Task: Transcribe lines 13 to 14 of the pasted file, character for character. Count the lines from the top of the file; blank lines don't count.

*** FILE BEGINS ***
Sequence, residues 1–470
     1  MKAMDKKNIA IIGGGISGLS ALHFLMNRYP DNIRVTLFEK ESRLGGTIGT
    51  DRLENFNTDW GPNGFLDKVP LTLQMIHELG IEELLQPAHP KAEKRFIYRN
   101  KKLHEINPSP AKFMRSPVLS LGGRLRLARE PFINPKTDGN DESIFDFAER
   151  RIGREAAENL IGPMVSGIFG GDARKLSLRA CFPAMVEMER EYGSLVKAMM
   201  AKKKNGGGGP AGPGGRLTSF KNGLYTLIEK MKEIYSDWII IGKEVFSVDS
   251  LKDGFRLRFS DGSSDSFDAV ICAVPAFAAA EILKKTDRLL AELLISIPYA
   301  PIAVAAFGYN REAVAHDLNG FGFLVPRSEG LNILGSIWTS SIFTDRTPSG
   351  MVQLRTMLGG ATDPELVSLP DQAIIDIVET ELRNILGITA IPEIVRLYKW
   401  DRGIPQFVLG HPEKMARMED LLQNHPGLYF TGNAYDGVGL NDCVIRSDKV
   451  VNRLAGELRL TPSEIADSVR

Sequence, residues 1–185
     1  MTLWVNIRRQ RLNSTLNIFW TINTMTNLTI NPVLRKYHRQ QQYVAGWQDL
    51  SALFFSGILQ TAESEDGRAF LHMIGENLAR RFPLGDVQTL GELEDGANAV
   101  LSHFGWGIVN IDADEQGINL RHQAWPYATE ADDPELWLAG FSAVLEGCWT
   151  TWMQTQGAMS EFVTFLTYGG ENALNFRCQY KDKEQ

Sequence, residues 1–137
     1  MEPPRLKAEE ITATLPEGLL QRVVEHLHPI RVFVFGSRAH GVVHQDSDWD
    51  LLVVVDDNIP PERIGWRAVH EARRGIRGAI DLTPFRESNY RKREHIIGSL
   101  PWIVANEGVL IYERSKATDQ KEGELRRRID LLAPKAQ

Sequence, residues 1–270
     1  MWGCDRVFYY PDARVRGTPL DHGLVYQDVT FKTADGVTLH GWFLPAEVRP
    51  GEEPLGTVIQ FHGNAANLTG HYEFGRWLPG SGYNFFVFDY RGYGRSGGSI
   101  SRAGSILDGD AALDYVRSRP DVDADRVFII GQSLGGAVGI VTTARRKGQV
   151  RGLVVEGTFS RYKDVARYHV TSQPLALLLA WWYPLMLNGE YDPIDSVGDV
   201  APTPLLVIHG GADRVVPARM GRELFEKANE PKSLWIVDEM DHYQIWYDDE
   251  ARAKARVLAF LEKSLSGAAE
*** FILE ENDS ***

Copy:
     1  MTLWVNIRRQ RLNSTLNIFW TINTMTNLTI NPVLRKYHRQ QQYVAGWQDL
    51  SALFFSGILQ TAESEDGRAF LHMIGENLAR RFPLGDVQTL GELEDGANAV